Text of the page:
by Pam Zubeck
UPDATE: To be clear, the Colorado Springs Together organization isn't being put to bed. Rather, the recovery center is closing. CRT will continue to operate, and the best way for people to stay connected is to visit the website at coloradospringstogether.org, says CRT member John Henry.
Also, Henry emphasized that advocates for the organization began meetings within days of the homes burning in Mountain Shadows, although their work might not have taken a high profile until later. The recovery center opened in August, and the group obtained its non-profit IRS status after that, although the application was submitted July 3.
——————————-ORIGINAL POST WEDNESDAY, JULY 17, 12:45 P.M.————————————-
The recovery organization formed after the Waldo Canyon Fire destroyed nearly 350 homes in Mountain Shadows closes Thursday, according to a news release.
Called Colorado Springs Together, the nonprofit was formed by Bob Cutter, a local businessman asked by Mayor Steve Bach to head up the recovery effort.
CRT opened in a former Blockbuster Video building, for which it paid $6,000 a month rent, about two months after the June 26 conflagration struck the city. So a reference in the news release to the organization forming "immediately" after the fire isn't exactly true, though Cutter did scramble to get donations and launched an effort to obtain nonprofit status from the IRS within weeks. That nonprofit designation came sometime after August.
Since the center opened, it's become a hub for citizens, hosting events ranging from sand-bag give-aways to barbecues, as well as providing a place for insurance companies and homeowner associations to meet with residents.
Here's the release:
Colorado Springs Together, the citizen-led nonprofit organization coordinating the rebuilding and recovery of Mountain Shadows the neighborhood affected by the Waldo Canyon Fire, announces the closing of its community center which was opened shortly after the fire in 2012. The center, located in Mountain Shadows at 6840 Centennial Boulevard, Suite A, will close Thursday afternoon.
Recovery after the Waldo Canyon Fire is moving quickly, with 91 homes now rebuilt, and another 119 in various stages of construction. More than 60 percent of the 347 homes lost to the fire are either rebuilt or under construction.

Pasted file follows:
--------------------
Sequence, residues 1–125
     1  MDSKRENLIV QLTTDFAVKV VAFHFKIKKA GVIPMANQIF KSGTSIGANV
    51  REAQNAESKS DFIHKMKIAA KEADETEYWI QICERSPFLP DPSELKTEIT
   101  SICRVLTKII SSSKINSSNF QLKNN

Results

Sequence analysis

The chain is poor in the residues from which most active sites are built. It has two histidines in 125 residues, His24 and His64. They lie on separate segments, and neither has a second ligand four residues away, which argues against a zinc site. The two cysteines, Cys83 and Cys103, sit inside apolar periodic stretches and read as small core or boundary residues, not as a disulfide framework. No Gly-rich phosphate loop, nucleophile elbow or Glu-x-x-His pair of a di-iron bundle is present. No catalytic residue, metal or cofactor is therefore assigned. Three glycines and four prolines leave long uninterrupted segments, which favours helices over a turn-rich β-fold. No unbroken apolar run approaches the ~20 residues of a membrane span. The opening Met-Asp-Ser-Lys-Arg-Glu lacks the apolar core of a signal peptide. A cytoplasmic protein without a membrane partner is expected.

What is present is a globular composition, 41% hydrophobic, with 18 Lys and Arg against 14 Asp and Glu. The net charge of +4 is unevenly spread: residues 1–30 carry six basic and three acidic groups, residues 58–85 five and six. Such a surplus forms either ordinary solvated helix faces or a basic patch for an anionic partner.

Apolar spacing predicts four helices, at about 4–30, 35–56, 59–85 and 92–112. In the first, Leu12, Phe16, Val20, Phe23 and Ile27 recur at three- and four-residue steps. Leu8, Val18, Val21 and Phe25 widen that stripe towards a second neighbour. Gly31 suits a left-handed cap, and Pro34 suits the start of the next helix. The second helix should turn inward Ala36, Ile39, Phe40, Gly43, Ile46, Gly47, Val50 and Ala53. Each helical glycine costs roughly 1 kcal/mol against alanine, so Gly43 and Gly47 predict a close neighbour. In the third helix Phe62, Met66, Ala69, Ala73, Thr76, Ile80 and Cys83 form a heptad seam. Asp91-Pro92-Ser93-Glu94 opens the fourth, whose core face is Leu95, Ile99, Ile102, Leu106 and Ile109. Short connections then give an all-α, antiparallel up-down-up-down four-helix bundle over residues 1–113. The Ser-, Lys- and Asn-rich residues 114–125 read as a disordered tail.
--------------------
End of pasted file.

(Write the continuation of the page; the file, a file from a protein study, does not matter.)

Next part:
“The hundreds of Mountain Shadows residents who used the Colorado Springs Together Center for meetings, consultation with our volunteers about insurance, debris removal or rebuilding, and for reconnecting with neighbors during the earliest months of the recovery from the Waldo Canyon Fire know well the value that this asset brought,” said Bob Cutter, president and founder of Colorado Springs Together.
Colorado Springs Together’s leadership made the decision to close the center based on declining use, which reflects the continued fast pace of rebuilding. Colorado Springs Together will continue its work to support the recovery and neighborhood enhancement in Mountain Shadows until the end of 2013.
According to recent figures released by the Rocky Mountain Insurance Information Association, an insurance industry-supported consumer education and outreach organization, the Waldo Canyon Fire continues to be the most costly fire in Colorado history, with $453.7 million of insured loss from approximately 6,648 claims.
Colorado Springs Together was founded immediately after the Waldo Canyon Fire to serve as the primary community organization to bring the community spirit and substantial resources of the businesses, nonprofit organizations, government entities and citizens of the Pikes Peak Region to restore the lives, homes and neighborhoods impacted by the Waldo Canyon Fire. Colorado Springs Mayor Steve Bach provided the initial impetus for the founding of Colorado Springs Together.